The Rides: Na'vi River Journey
The other ride — with significantly shorter wait times — is of a totally different nature. It's a casual river ride in search of the Shaman of Song. There are some nifty visual effects creating the illusion of frog-like creatures on lillypads overhead, or other forest creatures running through the foliage. Lots of flourescence.
The Shaman of Song represents the latest and greatest in animatronics; it's cool see it sing and bang the drums (more interesting than those dudes outside). But it is a tame experience.
I dare say Pirates of the Caribbean is still, ultimately, the superior water ride.
I was impressed by the quality and variety of the goods for sale. The whole idea is Pandora is trying to create an experience and the merchandise should reflect that. To a large degree, it does. Some of the T-shirts and pins and other products reflect a continuation of the experience rather than merely serving up unimaginative products about the ride.
The 3D-printed Action Figure
The cornerstone product is an opportunity to have your likeness placed on the face of a 12-inch Avatar action figure.
I did it to take in the experience and the technology. A certain amount of it is smoke and mirrors, a certain amount of it is legitimately cool and a bit of it still needs some polishing.
The first step is to set up an appointment, perhaps needing to come back in an hour or so, depending on demand. Once the appointment is set (and the money paid), you're given a plastic Avatar card. It was explained to me that it's like my Social Security card. I need to hold onto it because I'll need it to store the data from my scans and to generate my action figure likeness. Cool! And I get to keep the card!
But, when I came back, some of the smoke started to appear. The young lady assisting me with my scan was careless with Avatar Social Security card (ASS card?). She dropped it and made a wee bit of a production out of having dropped it. Then the card was placed on the counter. Hmmm... Why not — even if only for the illusion of it — have a slot in a console, creating the illusion, when the card is placed in the slot, that it's actually serving a purpose?
(Afterword, I went back and observed others getting their scans done. Same thing. Card dropped, misplaced. Sloppy. It cracks, if not altogether shatters, the illusion they're supposed to be creating.)
I'm not convinced the "scan" is real. The young lady moved the mulit-light, curved scanning device past my face a couple times. She then seemed to be checking, via a small microphone, with the "avatar" in the lab who's overseeing the creation of my action figure. She was allegedly checking to make sure the scans were good enough; she had said we might need to do it again. But, this time, it was "good enough." All I really saw was a digital photo of my face and a representation of how my face would morph with my avatar.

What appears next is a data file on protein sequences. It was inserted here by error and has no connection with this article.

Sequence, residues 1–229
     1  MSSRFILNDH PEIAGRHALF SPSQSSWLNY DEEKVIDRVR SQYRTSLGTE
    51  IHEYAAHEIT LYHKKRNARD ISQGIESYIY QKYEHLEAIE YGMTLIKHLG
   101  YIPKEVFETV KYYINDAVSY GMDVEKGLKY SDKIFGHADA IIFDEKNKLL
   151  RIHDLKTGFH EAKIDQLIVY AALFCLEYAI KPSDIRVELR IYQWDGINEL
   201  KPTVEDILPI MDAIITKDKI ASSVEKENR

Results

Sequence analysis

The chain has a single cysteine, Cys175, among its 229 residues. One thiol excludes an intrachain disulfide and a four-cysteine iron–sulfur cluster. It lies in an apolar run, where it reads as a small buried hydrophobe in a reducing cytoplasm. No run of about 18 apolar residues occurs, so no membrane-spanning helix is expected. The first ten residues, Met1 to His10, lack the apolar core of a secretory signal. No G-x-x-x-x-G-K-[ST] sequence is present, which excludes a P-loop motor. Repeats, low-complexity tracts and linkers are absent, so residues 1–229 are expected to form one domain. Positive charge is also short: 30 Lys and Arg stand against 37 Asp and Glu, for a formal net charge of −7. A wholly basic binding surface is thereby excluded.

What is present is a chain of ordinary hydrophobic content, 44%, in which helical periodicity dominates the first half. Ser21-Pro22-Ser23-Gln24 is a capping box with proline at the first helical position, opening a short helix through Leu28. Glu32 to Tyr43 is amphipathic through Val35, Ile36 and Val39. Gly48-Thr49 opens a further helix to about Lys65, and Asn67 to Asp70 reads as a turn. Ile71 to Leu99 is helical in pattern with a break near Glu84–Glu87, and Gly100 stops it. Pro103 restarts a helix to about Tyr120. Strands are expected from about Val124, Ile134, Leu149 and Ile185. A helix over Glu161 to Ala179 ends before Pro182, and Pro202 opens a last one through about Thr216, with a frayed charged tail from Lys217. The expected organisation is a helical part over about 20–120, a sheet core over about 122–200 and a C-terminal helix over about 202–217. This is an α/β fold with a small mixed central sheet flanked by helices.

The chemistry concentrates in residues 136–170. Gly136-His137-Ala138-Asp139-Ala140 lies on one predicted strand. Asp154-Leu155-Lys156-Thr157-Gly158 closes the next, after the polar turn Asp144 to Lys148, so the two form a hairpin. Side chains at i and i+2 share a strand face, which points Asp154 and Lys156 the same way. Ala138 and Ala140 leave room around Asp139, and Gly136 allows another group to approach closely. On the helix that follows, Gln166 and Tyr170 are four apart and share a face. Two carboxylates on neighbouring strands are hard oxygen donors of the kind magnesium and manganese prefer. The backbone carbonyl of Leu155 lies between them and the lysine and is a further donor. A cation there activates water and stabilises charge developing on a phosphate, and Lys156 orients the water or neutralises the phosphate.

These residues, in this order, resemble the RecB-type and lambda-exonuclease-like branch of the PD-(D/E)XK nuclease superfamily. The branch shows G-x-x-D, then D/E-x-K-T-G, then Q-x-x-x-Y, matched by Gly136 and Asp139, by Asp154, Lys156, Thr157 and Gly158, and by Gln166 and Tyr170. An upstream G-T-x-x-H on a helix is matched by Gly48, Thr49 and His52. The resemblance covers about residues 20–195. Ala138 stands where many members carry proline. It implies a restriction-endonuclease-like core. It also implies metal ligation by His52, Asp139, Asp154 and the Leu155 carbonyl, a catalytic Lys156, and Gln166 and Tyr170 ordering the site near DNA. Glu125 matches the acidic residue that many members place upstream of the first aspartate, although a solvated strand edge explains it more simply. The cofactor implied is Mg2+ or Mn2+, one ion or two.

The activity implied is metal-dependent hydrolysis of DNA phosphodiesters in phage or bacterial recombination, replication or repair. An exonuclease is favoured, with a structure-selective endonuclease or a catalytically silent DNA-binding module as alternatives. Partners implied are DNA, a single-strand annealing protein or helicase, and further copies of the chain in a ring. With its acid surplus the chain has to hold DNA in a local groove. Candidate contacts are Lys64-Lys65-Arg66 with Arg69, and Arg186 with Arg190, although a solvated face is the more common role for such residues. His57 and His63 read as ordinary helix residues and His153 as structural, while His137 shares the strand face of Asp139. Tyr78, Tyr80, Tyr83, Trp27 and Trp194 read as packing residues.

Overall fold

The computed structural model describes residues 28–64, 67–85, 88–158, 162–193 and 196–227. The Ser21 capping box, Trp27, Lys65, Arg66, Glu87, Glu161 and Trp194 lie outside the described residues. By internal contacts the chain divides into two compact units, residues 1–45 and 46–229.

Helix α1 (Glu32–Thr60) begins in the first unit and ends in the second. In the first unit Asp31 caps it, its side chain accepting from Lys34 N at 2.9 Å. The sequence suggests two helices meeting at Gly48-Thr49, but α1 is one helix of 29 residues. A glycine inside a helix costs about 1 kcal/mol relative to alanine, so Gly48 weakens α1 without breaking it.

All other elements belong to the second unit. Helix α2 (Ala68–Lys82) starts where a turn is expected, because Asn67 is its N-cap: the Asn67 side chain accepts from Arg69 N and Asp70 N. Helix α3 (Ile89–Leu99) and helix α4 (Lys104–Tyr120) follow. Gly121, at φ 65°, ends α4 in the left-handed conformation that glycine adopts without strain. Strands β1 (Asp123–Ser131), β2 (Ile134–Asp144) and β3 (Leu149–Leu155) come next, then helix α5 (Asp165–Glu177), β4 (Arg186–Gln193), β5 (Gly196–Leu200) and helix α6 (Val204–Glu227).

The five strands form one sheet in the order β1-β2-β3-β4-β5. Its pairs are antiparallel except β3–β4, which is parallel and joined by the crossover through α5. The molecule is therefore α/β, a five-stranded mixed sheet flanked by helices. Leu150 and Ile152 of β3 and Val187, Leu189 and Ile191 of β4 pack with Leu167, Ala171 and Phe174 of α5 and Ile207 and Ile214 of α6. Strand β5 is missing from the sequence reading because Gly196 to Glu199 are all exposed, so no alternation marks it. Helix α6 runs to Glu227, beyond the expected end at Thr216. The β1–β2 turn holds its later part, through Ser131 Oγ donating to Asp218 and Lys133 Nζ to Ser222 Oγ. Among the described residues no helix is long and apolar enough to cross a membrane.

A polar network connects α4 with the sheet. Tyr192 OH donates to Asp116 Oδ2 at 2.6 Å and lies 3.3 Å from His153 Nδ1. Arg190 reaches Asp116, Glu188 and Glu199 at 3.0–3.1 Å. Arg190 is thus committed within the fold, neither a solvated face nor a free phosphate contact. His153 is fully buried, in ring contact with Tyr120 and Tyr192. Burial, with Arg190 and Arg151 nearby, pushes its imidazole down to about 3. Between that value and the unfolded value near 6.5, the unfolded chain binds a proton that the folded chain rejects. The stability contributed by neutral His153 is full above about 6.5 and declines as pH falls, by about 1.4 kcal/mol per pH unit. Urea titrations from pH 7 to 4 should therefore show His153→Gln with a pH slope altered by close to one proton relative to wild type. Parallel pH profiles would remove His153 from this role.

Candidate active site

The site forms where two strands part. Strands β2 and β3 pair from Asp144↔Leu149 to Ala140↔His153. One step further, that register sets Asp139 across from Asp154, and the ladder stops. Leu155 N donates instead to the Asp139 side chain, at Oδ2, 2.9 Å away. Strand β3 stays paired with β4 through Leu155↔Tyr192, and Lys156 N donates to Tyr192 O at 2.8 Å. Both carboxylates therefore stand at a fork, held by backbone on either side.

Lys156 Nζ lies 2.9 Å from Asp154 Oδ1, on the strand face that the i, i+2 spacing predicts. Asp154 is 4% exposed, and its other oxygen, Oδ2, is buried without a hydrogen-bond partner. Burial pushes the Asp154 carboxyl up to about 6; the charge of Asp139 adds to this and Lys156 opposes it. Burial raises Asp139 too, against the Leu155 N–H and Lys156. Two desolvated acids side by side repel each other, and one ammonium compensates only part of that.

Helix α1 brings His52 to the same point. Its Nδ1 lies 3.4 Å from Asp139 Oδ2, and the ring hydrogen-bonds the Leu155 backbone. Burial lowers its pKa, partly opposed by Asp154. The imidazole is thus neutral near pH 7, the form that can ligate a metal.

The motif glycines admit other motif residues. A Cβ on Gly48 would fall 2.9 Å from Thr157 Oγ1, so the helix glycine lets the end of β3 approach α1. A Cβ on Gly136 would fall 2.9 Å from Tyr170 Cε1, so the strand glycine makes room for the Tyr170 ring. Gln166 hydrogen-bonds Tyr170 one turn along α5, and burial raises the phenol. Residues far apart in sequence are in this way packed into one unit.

In a word: Sexy.
Once the quality was confirmed, on the iPad-like device, I selected the body type (okay, there's only one male adult body and one boy body; the other six are three women bodies and three girl bodies — the primary difference was in the base clothing). Then I selected the hair style from four options, as I recall, as well as the eye color (I went with the standard Avatar yellow; there were three or four others to choose from).
Come back in a couple hours to pick up the avatar, but be sure to bring the ASS card!
So I go about my business in the Animal Kingdom. Safari. Curry at the Yak and Yeti. A water/light show (sadly, cut short by an incoming storm). Then I went back for Round Two of Pandora.
Picking up the avatar, a cast member takes you and your ASS card to a vending message. The card is tapped against a mobile device (apparently it really does have information on it!), then I'm advised to place my hand on the designated spot on the machine. Ummm... This doesn't make sense. During my appointment, only my index finger was scenned, so the whole hand request breaks the illusion. My face appears on the vending machine's display. Then, sorta magically, a black space clears to reveal my packaged action figure in the machine.
Then it goes low-tech. The cast member opens a little door and pulls the action figure out the machine, just like getting a bag of chips.
Don't forget, Pandora is only one part of Animal Kingdom. I've included photos from the safari and reserve as a reminder of some of the awesome — and very real — sights on hand.
That said, Pandora is certainly worth a visit. Given the state of technology, it should be easy enough to update the flight ride with new aspects. (I've been told, by questionable sources, Star Tours has 50 different missions; in Disney World I was "treated" to an adventure involving characters from Episodes I-III while in Disneyland last year, I enjoyed a mission involving characters from Episode VII.)
Also, at night Pandora is illuminated in flourescence as plants and patterns in the pavement glow. It's rather dark at night, but the effect is interesting. It's a different experience, at the very least, making it worthwhile to do both a daytime and nighttime visit.
This article is part of the Mattopia Jones and the Cuban Quandary travel journal.